Posted by Andrew VanderPloeg
There seems to be a recurring theme that I'm bumping up against a lot in the last few days and so I'm feeling compelled to write about it today. It's the foundational discussion about whether marketing has a place within the Church. It's a topic that we obviously have a pretty strong opinion on at the office here, given our focus on Church communications.
After a couple other brushes with the topic in the past few business days, today, Brian forwarded an article that was in the January issue of Christianity Today. The article was authored by Tyler Wigg Stevenson (sorry no online bio to point you to), the author of a book called Brand Jesus: Christianity in a Consumerist Age. It's a longish article based on the book, but one that I found absolutely fascinating and I look forward to picking up and reading the book.
The one sentence that really encapsulates a big part of Stevenson's argument was this: "...any salvation that needs a sophisticated sales pitch is a salvation that won't really do anything. It will make you holy the same way a new pair of Nikes makes you athletic—which is to say, not at all. It only changes your religious brand."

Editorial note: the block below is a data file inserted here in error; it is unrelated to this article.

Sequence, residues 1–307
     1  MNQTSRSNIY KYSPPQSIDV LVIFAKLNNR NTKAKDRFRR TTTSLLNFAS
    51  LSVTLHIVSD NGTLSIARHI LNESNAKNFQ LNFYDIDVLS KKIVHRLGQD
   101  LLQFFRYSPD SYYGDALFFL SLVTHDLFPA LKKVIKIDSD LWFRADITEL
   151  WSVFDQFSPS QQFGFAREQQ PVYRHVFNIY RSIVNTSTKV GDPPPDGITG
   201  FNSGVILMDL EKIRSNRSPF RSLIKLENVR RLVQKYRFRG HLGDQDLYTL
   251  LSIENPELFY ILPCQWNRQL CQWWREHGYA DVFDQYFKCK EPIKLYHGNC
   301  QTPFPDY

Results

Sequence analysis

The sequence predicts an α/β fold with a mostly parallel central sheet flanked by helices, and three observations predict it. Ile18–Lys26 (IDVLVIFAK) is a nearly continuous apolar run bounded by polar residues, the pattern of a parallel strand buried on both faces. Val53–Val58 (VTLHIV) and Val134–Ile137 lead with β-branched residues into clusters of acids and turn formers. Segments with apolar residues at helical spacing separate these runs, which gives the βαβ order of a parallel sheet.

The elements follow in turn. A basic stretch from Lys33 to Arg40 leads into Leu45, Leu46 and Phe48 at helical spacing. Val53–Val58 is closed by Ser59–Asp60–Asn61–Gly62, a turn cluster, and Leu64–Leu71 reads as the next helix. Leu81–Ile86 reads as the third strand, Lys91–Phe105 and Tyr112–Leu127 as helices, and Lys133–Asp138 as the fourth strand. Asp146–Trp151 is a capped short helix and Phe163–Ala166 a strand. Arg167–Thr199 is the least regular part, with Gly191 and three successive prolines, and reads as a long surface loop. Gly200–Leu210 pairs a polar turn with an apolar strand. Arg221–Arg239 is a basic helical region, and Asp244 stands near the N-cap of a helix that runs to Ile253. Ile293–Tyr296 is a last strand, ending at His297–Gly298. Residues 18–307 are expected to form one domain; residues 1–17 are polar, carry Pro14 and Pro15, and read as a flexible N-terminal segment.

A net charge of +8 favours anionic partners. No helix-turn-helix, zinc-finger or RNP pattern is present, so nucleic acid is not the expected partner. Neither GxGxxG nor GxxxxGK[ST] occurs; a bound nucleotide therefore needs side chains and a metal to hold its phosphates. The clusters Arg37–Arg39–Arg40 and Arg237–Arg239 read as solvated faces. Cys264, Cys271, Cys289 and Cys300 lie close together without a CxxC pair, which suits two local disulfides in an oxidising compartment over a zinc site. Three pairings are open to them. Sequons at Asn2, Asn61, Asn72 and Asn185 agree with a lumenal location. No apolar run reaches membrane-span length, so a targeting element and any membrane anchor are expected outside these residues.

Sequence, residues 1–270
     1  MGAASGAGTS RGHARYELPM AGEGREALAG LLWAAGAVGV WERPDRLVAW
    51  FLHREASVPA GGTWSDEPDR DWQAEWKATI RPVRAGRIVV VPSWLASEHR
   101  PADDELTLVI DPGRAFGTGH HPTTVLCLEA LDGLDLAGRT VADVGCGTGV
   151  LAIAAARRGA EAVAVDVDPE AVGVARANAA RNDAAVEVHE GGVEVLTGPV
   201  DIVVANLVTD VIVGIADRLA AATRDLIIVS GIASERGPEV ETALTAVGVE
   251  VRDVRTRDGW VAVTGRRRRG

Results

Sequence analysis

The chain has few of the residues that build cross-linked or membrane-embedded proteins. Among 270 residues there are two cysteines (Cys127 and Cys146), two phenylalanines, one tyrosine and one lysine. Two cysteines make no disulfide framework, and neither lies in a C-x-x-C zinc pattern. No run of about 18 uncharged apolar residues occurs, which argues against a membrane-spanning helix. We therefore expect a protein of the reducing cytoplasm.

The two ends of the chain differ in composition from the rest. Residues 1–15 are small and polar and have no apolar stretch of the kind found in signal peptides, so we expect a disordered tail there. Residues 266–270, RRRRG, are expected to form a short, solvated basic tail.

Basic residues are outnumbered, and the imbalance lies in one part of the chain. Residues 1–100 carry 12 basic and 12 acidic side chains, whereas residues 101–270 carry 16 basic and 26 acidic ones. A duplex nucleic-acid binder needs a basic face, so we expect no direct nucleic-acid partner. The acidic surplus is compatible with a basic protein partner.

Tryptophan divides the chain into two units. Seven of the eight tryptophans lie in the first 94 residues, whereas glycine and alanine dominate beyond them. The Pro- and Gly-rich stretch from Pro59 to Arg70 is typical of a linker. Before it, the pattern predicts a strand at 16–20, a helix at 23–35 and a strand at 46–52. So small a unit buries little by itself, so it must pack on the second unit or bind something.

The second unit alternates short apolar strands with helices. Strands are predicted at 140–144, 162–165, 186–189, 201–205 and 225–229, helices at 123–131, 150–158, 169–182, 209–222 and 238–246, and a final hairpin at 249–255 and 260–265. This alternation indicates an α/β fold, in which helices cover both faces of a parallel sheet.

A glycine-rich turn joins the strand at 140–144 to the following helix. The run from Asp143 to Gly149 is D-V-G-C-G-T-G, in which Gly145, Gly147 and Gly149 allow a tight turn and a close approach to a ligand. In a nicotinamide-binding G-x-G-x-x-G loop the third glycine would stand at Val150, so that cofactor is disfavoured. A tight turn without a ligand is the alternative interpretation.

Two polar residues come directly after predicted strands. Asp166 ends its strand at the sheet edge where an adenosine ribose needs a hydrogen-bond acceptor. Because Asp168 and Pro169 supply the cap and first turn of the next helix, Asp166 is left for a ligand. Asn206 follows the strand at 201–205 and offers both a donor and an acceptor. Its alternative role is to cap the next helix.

Perhaps surprisingly, I actually largely agree with Stevenson's thought process in that we can not presume that our marketing will draw people into a meaningful relationship with Christ. But that's really not all that different than the idea of preaching is it? Most Christians today would agree that preaching in church holds a special place in the call to evangelize and yet the apostle Paul refers to it as "the foolishness of preaching" because without the anointing of the Spirit, even preaching is a foolish enterprise.
So our belief is that despite all the weaknesses inherent in marketing, we cannot simply use a broad-brush to say: "therefore, since marketing doesn't save people, we shouldn't do it" - it's too heavy-handed and short-sighted. It is the intent of our heart that makes any evangelistic effort a success or failure. Changing of hearts doesn't belong to any of us or our devices, whether we're a church, a preacher, a marketer or just a person attempting to live his/her life in a Christ-like way. But that doesn't remove us from the responsibility of using all the tools available to us to do our part in communicating the Gospel.